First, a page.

There is a great potential in young people. It is like dynamite. Dynamite can do great good when used in the right way. It can pave the way for new buildings, schools, lakes, highways, and numerous other projects which will benefit mankind. In the wrong hands, though, it can be used to take life, often thousands of lives. Young people have the same potential for good or bad.
Adolph Hitler understood the power of young people. After he came to power in Germany in 1932 one of the early actions he took was to outlaw all youth groups, especially the religious ones. In their place he formed the Hitler Youth and the German League of Young Girls. In these organizations young people were taught to revere Hitler and serve him without question. The boys were taught that it would be an honor to lay down their lives for Fatherland and Fuhrer.
The girls were taught that it was their duty to bear children and obey the Fuhrer. The youth of Germany were taught that they were the master race and it was their destiny to dominate the world. What happened as a result of Hitler harnessing the power of youth? A significant portion of this generation of German youth committed horrible atrocities in the name of their Fuhrer. In fact, Hitler did such a good job indoctrinating a generation that it was a detachment of Hitler Youth who died in the final battle for Berlin in 1945.
We shouldn’t under estimate the strength of youth in the church, either. Why is there such strength in our youth?
1. They are idealistic.
There are worlds to conquer, battles to win, deeds to be done. They have not yet learned what can’t be done. They have not become jaded by life’s heartbreaks and defeats. And because they don’t know what can’t be done, they often achieve great things.
2. They have boundless energy.
They seem to never tire in whatever work they passionately believe in. They don’t tire like the rest of us who have done enough that we often feel like we need a rest.
3. They approach many things with a clean slate.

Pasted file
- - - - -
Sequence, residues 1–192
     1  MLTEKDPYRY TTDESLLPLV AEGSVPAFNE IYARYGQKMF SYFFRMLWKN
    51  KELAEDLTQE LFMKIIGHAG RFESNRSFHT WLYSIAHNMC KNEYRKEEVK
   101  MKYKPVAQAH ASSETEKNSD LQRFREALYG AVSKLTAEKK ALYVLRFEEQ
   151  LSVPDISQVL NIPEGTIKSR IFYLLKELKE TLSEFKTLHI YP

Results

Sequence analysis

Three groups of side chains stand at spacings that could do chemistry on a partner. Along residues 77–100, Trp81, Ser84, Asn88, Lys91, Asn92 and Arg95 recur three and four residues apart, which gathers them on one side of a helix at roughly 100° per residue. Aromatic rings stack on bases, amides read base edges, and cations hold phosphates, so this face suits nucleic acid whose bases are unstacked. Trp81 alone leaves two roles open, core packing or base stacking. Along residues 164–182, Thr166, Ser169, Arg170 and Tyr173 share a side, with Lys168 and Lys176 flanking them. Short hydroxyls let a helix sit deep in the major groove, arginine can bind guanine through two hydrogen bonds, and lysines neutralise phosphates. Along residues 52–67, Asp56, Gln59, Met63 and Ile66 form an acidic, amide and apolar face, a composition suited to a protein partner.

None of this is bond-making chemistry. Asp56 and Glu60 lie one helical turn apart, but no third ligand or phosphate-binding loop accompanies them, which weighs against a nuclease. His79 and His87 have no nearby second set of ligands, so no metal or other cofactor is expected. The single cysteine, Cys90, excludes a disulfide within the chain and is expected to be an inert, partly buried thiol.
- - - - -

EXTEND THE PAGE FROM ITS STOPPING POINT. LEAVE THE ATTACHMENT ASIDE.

They don’t have many of the old prejudices that we older adults have. This is why there is often less of a problem with racial bigotry among the young than among the old.
But with these things there are some dangers. Young people are sometimes naive. They do not have the value of experience. They often give into the siren call of temptation that the old have faced. And, the young are less likely to listen to older people who warn about mistakes because they are so idealistic.
To both young and old in the church let me make a few suggestions:
Older Christian, don’t seek to destroy the zeal and idealism of the young. The church needs their zeal and fire for the Lord. We need their energy. Try to refrain from constantly telling them, “We’ve tried it before, and it didn’t work then!” Do not seek to discourage young brethren. “Let no one despise your youth…” (1 Timothy 4:12).
Young Christian, you need to respect those who are older, especially those who are your brothers and sister in the body of Christ (1 Peter 5:1-2). They have been through life and really do know more than you. Seek out their wisdom and weigh carefully their warnings. If they are seeking to do the Lord’s will they are due honor. “The silver-haired head is a crown of glory, If it is found in the way of righteousness” (Proverbs 16:31).
Young Christian, stand in the Word of God. Do not be carried away with something, just because it is different. “Take heed to yourself and to the doctrine. Continue in them, for in doing this you will save both yourself and those who hear you” (1 Timothy 4:16).
Finally, young Christian, be an example to the rest of the body. Older brethren are watching you. What example will you set? “Be an example to the believers in word, in conduct, in love, in spirit, in faith, in purity” (1 Timothy 4:12). Nothing will cause older Christians to lose respect for you quicker than to not live your life as a child of God.
Copyright 1999 by Grady Scott may be reproducted for non-commercial purposes at no cost to others.